44 million people were estimated to be living with dementia in 2013. That is expected to rise to 75 million by 2030.
This year the World Health Organization launched the Conference on Global Action Against Dementia. Director general Margaret Chan has voiced a “desperate need for a global action plan to tackle the condition”^1.
The UK government has spoken of the growing numbers of people diagnosed with dementia as a health challenge “as big as that posed by cancer, heart disease and HIV/AIDs”^1.
What Is Living with Dementia Like?
Some see dementia as a “destructive...violation” of the people we love and look up to. It's been called a “slow motion death” and poignantly “the longest goodbye”^2.
"Who are we when we no longer have our memories? At what moment do we die?"
Dementia can feel like our sense of self – our memories, personalities, humour, everything that makes us unique and human – is slowly pulled away. The Observer's Nicci Gerrard asks “who are we when we no longer have our memories? At what moment do we die?”^2
There is a clear need for raised awareness and better support for those living with dementia. Designers in particular have the potential to improve the lives of those diagnosed.
The King's Fund's Enhancing the Healing Environment project observed that those with dementia staying in acute care wards generally stay longer than other patients. They discovered that, by making relatively simple changes to the environment – clearer signage and wayfinding, minimising visual clutter and contrasting colours, they improved the experience for inpatients and could even reduce the time of their stay.
So how can Studio Mashbo help?
Last year we submitted an app idea to the LJMU Open Labs North West Digital Health Challenge. The idea for the “Memory Jigsaw” app was so well received we were successful in being chosen to attend the Digital Health Days Conference in Stockholm.
Encouraged that we had something special on our hands, we dedicated a hack day to the app idea. This was a day we were able to – as a focused studio – conduct some initial research, market assessment and interface experiments.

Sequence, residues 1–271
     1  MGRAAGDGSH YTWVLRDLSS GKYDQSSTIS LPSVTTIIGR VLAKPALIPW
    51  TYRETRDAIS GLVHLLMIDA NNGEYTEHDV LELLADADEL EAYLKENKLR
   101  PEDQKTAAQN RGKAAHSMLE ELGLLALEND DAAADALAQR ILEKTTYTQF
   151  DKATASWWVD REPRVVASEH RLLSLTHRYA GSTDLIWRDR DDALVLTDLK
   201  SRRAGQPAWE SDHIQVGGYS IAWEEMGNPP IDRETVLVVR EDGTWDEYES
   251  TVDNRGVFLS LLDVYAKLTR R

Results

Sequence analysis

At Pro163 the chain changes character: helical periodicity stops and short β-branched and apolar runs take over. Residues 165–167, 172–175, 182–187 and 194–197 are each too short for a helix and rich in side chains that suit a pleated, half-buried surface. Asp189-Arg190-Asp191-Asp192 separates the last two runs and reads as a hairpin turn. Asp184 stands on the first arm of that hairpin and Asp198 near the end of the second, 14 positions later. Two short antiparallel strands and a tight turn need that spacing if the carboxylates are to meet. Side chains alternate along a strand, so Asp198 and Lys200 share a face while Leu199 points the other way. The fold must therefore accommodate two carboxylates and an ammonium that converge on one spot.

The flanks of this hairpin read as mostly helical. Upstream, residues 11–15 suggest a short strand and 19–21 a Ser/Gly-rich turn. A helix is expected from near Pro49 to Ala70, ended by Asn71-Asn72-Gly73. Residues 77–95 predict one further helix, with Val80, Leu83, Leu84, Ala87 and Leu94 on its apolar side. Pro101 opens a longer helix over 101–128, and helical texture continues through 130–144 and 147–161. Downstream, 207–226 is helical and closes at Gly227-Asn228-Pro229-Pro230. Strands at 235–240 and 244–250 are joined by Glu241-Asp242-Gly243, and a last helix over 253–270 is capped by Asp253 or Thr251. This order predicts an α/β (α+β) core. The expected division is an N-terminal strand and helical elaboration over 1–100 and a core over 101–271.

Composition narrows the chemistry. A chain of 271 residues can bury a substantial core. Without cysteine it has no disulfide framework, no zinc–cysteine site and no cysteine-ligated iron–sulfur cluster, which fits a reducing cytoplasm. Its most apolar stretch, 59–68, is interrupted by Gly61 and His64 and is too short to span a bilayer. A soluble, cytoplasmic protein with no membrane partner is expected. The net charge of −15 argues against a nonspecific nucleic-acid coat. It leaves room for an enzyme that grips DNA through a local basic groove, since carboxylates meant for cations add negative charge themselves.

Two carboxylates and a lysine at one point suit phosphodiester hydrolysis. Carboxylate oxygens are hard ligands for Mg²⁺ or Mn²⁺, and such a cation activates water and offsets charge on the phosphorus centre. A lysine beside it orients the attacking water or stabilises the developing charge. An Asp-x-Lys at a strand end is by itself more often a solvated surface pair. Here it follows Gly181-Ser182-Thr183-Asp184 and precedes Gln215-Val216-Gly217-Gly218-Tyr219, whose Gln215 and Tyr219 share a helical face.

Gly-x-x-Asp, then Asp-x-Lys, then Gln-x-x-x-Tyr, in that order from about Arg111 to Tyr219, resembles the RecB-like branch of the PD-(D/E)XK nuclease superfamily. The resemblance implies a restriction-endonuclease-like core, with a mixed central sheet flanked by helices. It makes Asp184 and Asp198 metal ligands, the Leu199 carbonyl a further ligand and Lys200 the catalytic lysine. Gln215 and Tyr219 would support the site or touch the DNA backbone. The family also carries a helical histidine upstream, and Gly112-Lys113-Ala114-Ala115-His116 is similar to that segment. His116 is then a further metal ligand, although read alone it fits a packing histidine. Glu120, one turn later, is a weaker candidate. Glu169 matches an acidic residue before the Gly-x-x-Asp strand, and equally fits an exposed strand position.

Taking an agile approach to the project, we have more recently planned in five stages that will eventually lead to our final vision.
Research, Planning and Sketching
We're excited to be working with Mersey Care NHS Trust, who are supporting us in order to complete the first stage of the project. This involves in-depth research, user workshops, user testing and a working prototype.
We sketch out the interface wireframes to get a feel for the experience of playing the Memory Jigsaw and navigating the various screens:
This is then formalised and drawn up in interactive prototyping software:
“It's crucial to use language that doesn't cast those with dementia into the role of victim: they are not “sufferers”; those who care for them are not simply their carers but remain their spouses, their children, their friends. Dementia is not a monolithic condition, a simple sentence of doom, and people with it are not 'bed blockers'; they are human and they are precious.”^2
It was important to us to try and empathise with those living with dementia. A greater level of understanding helps us when interacting in workshops and when planning and designing.
Rather than trying “to pull people with dementia into your world, you have to enter theirs”^3.
This is our attempt to enter their world.
In order to test our idea we presented it at a Mersey Care NHS Trust memory group in Garston, Liverpool. Here we hosted discussions around dementia and were treated to the stories of those living with dementia – those with the condition as well as their spouses, family and friends.
We were able to ascertain that puzzles were currently enjoyed by those with the dementia and were given an insight into the specific types of puzzles that were stimulating.
Using a variety of physical jigsaws, early wireframe designs shown on paper and interactive versions on tablets we were given an idea of the differing abilities of attendees in completing jigsaws of varying difficulty.
The tea and biscuits complemented the fascinating, life-affirming characters. Were were given a great insight into the lives, habits and abilities of those living with dementia. Importantly we received useful feedback to our app idea.
The next stage is to create a fully working prototype of the app for use on tablet devices...